The Florida Bar
The Florida Bar News
click to print this page  click to e-mail the address for this page 
September 15, 2013
YLD offers lunchtime webinars

The Young Lawyers Division recently launched a new lunchtime webinar series.

The initiative aims to offer education and CLE opportunities on topics of particular interest to young lawyers in a convenient format, said YLD President Melanie Griffin, of Orlando, and technology committee Co-Chair Zack Zuroweste, of Clearwater.

Zack Zuroweste “This year we decided one of the best ways to meet the needs of young lawyers who may not have one-on-one mentoring or may not have developed the skills they need to practice is through this series,” Griffin said. “Our idea is to offer a webinar bimonthly or monthly on topics such as technology or transitioning to practice.”

The webinars are free and offered during the lunch hour.

The division’s next webinar, Social Media Ethics: 10 Potential Ethical Pitfalls for Florida Legal Professionals Using Social Media, is set for noon on September 25.

The program allows lawyers to earn one general and one ethics CLE credit.

Concepts to be covered include legal ethics regulations governing social media, the Rules of Professional Conduct that apply to professional or business activity on social media, and practical considerations lawyers should consider when using social media.

Lawyers interested in registering by may do so by visiting the division’s website at, Facebook page at, or Twitter account @flabaryld.

Zuroweste said the program, which launched in August with a webinar on using technology to prevent malpractice claims, has been well-received by young lawyers.

“Our goal was to exceed 100 people and the first registry had more than 900,” he said. “We’re very excited about that. What it told us is that this is something our members want, and so we are now even more motivated to provide meaningful content.”

Griffin said she hopes the webinar series can assist young lawyers as job opportunities for new lawyers shrink.

“A large percentage of recent graduates are having significant trouble finding jobs and mentors,” she said. “One thing they’re having to turn to increasingly is hanging out their own shingle. We’re advertising job opportunities when we can, but one of the best things we can do for those who have to open their own practices and hang out their own shingles at early points in their careers is provide them with the education they need to succeed.”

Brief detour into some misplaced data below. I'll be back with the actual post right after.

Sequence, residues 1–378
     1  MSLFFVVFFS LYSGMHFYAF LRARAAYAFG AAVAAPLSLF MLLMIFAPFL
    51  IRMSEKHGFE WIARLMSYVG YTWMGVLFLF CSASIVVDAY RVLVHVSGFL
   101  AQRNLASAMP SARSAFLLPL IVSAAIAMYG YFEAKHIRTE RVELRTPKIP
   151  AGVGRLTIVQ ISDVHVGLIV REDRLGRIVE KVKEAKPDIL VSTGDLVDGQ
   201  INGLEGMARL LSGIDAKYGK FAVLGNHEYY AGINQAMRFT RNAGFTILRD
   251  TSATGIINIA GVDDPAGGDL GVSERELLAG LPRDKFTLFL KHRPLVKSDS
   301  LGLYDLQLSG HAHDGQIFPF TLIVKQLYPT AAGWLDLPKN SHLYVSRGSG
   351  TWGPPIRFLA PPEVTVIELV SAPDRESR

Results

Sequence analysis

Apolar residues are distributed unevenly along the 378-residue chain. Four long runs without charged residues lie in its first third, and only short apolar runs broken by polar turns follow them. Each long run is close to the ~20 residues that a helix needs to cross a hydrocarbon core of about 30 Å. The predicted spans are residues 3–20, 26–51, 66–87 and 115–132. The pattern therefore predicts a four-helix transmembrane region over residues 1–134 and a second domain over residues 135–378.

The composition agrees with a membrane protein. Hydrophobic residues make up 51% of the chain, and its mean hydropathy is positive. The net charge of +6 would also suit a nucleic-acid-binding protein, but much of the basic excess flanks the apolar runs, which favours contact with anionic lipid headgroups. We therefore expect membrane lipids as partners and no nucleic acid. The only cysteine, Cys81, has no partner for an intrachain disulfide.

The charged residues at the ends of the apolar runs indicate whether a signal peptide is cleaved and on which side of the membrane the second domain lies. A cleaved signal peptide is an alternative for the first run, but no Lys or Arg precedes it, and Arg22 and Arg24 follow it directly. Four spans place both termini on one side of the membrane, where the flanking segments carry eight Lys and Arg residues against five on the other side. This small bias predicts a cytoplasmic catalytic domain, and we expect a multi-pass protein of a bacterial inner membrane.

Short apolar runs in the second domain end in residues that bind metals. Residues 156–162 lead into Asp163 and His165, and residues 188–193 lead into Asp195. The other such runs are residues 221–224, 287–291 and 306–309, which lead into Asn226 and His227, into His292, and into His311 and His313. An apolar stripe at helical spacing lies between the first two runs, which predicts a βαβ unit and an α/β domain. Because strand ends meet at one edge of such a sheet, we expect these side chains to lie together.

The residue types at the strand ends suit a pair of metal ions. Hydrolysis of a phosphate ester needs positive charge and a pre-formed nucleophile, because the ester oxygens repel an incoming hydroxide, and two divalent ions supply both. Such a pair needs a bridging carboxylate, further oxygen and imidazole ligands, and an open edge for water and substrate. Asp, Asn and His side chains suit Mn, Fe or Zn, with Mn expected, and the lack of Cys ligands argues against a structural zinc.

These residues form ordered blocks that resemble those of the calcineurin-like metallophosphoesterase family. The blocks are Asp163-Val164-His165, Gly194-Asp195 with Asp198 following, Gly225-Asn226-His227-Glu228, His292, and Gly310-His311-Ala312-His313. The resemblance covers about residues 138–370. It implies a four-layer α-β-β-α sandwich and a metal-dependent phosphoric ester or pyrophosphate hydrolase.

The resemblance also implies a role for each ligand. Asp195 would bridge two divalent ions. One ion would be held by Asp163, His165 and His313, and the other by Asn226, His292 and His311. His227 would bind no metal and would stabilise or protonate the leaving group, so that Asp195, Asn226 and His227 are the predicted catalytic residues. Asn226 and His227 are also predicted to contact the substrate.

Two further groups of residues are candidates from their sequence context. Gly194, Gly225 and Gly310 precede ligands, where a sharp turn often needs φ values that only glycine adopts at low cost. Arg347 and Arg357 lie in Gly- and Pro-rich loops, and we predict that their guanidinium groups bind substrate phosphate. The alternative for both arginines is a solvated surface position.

Zuroweste said the webinars are designed to apply to a wide range of young lawyers, whether at large or small firms or starting their own practices,

“There are a lot of things out there that can get young lawyers in trouble,” he said. “Part of the initiative is to provide content to help those starting out on their own, but the same principles also apply to any young lawyer.”

Griffin and Zuroweste said the program is part of the division’s larger initiative to lead the way in incorporating new technology into the practice.

“In the last 12 to 24 months, we’ve been tasked with helping to lead the Bar on technology,” Griffin said. “It seemed like an amorphous concept at first and we didn’t know exactly what it meant. With our recent social media campaign, this webinar series, and e-newsletters, we’re really taking tangible steps this year to start actually implementing the technology that’s out there and available to young lawyers and making it meaningful.”

Zuroweste agreed.

“The practice has changed a lot over the last few years,” he said. “It’s clear technology is going to become an everyday part of the practice of law. It changes the way lawyers talk to each other, interact with each other, and communicate with clients. We think technology is something our group, young lawyers, has an advantage on. We grew up with technology and know it really well. I think we can provide the medium and resources to help young lawyers in the state with the technology that’s out there that can benefit them.”

[Revised: 03-24-2017]